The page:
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Oil and Gas Leases generally provide that the lease will last for _____ years (primary term) and as long thereafter as oil and/or gas is produced in paying quantities (secondary term).
So what is paying quantities? Generally speaking, paying quantities is an amount sufficient to cover the lifting costs of the produced product and an amount that a reasonably prudent operator would produce under the same or similar circumstances and continue to produce for a profit. Does this mean that the well must be profitable? No, not at all. Operators produce commercial failures all of the time. But the lease provides for the paying quantities standard.
The measuring period is over time....a well can, for example, not be economic one month and then be economic the next month. The courts have held that the standard of paying quantities be measured over time and the prudent operator standard.
This is an extremely complex and fact specific matter --- one that cannot be properly addressed on a blog post. The purpose of the blog post is to point out that there is a standard and a way to manage the situation.
The problem is that the Lessor generally has to sue to find out if the well is producing in paying quantities. Is there a better way? Certainly there is.
Have your attorney or lease negotiator include a clause similar to the following:
"7.2 "Production in paying quantities", "production in commercial quantities", and "production in paying or commercial quantities", shall have the same meaning for the purposes of this Lease, namely production in quantities sufficient to yield a return to the holders of the working interest, after deducting ad valorem and severance taxes, in excess of operating expenses, marketing expenses, and all royalties and burdens of record, which, under Texas law, are from time to time recognized as chargeable against the working interest to determine production in paying or commercial quantities (see El Paso Natural Gas Co. v. American Petrofina of Texas, 733 SW 2nd ...)). The review period for purposes of determining whether production is in paying or commercial quantities shall be two hundred seventy (270) consecutive days. Production in less than paying or commercial quantities shall never be considered as production for purposes of the habendum clause of this lease. "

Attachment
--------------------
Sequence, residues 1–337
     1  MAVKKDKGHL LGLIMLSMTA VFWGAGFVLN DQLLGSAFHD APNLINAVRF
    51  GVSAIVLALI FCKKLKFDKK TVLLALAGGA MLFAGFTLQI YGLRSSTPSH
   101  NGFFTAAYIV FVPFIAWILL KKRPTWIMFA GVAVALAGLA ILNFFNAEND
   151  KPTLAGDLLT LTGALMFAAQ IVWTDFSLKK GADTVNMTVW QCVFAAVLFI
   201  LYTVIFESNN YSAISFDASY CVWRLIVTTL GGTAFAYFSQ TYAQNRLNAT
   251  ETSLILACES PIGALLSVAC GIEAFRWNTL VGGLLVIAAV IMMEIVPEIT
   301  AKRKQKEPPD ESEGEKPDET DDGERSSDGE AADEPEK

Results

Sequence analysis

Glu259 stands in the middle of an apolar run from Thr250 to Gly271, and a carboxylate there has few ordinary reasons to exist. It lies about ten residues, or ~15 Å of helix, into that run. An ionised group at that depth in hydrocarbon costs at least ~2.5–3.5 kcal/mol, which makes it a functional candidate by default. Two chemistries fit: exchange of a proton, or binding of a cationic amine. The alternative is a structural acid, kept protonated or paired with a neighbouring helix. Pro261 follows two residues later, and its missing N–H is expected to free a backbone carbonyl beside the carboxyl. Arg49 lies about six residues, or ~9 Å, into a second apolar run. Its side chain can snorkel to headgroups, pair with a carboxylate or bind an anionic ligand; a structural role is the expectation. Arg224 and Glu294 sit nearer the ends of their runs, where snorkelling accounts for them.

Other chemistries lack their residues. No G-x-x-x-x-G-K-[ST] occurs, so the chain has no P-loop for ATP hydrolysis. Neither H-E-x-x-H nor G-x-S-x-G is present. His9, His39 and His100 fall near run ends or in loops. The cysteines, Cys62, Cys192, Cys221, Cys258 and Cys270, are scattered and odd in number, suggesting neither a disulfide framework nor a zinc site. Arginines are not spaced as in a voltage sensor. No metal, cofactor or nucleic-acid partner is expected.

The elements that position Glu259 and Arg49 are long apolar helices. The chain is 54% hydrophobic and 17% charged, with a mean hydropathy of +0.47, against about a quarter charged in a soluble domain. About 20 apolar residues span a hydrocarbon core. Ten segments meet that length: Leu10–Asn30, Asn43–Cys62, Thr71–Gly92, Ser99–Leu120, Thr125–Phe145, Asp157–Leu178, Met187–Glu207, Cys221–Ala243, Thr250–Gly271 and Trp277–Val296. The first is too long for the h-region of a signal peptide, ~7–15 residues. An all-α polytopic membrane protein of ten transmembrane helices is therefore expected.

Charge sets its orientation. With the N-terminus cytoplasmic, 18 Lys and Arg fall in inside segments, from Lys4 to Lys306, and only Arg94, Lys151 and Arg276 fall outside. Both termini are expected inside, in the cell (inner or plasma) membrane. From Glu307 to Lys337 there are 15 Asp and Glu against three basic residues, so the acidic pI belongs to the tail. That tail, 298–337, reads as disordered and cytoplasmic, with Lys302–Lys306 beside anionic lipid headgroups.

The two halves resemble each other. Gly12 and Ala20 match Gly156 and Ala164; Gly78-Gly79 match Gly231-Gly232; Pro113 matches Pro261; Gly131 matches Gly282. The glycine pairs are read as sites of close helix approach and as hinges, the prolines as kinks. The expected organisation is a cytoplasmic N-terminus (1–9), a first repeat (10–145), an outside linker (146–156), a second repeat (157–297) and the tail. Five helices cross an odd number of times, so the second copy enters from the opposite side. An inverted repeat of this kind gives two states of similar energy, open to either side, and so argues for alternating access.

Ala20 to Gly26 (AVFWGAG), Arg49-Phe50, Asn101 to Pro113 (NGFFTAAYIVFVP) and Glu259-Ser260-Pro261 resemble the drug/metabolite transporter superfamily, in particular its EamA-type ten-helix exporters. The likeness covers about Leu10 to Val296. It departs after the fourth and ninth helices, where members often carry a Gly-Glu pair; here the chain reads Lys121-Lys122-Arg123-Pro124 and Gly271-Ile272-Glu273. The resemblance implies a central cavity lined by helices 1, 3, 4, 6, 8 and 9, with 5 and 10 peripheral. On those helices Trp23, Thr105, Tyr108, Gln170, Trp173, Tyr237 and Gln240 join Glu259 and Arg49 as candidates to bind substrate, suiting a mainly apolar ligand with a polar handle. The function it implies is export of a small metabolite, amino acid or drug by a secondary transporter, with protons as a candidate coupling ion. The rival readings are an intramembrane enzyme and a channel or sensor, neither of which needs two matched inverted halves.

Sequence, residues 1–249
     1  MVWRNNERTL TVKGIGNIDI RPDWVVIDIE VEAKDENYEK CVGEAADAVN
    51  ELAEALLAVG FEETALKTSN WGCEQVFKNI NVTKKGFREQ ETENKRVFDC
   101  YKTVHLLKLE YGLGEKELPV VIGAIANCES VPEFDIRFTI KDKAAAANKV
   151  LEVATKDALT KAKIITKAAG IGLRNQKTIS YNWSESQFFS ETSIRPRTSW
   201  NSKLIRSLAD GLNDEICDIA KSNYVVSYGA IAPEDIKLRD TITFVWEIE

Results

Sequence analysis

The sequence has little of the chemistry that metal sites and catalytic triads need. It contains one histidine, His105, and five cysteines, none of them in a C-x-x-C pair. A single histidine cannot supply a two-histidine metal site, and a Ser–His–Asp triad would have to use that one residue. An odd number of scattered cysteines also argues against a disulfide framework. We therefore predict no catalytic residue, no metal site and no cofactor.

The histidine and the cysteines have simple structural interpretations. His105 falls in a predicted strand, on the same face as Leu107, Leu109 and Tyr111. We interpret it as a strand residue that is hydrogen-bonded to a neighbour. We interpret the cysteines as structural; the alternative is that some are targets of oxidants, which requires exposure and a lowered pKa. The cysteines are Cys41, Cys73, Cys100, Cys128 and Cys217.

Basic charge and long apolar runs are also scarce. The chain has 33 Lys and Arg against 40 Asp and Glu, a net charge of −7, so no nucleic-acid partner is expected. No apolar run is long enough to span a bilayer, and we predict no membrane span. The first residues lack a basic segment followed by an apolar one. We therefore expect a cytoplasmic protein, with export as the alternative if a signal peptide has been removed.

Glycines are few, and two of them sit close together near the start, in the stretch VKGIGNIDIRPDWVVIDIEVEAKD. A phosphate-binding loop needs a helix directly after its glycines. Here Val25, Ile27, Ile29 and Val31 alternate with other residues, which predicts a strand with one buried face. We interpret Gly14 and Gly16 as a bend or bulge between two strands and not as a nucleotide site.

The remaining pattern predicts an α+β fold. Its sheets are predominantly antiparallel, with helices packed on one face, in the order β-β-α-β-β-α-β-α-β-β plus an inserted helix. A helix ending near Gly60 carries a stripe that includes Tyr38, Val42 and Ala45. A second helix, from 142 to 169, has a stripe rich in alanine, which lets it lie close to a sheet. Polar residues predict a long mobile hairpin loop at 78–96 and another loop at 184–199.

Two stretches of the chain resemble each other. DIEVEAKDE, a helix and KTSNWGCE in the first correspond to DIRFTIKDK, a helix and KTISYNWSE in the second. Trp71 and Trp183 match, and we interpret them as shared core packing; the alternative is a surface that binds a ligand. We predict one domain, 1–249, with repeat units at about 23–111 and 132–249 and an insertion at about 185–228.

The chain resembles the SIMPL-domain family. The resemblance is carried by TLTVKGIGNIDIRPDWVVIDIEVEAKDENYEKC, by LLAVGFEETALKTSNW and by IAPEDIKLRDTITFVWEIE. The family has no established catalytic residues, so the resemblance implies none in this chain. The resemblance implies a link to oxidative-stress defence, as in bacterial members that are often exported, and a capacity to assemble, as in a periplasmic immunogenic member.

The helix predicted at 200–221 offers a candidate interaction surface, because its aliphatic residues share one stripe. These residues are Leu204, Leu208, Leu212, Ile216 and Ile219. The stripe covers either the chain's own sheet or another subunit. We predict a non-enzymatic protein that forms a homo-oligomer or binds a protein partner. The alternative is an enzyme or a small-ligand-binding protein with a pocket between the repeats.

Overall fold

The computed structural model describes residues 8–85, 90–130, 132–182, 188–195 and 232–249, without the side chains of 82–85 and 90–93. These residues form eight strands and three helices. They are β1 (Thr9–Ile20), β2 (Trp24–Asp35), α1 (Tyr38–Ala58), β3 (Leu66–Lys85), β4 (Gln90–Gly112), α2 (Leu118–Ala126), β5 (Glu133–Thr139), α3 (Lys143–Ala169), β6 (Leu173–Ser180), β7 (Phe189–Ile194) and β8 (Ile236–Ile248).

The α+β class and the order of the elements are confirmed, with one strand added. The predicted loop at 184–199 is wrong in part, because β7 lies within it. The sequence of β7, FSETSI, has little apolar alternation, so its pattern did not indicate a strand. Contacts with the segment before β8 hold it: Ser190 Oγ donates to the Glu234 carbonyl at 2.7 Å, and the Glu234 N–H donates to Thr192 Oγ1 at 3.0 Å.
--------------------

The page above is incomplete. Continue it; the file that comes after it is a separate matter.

You will need to go on further on in the lease and provide that the Lessor has the right to inspect the books of the Lessee from time to time in their offices to make certain that the Lessee is in compliance with the terms of the lease. In Texas, you have no such right, implied or otherwise, to examine the records of the Lessee, UNLESS the Lessee grants you such rights in writing -- such as in the Lease Agreement itself. (Oh, or unless the court allows discovery during trial preparation. That is not the conditions under which you want to examine books)
Almost any time that you can make a *thing* more specific, it is a good thing for me.
Production in paying quantities and the like are extremely fact specific. By using a clause like the example clause above, we now have a defined time period for determining the "over time" standard used in earlier cases.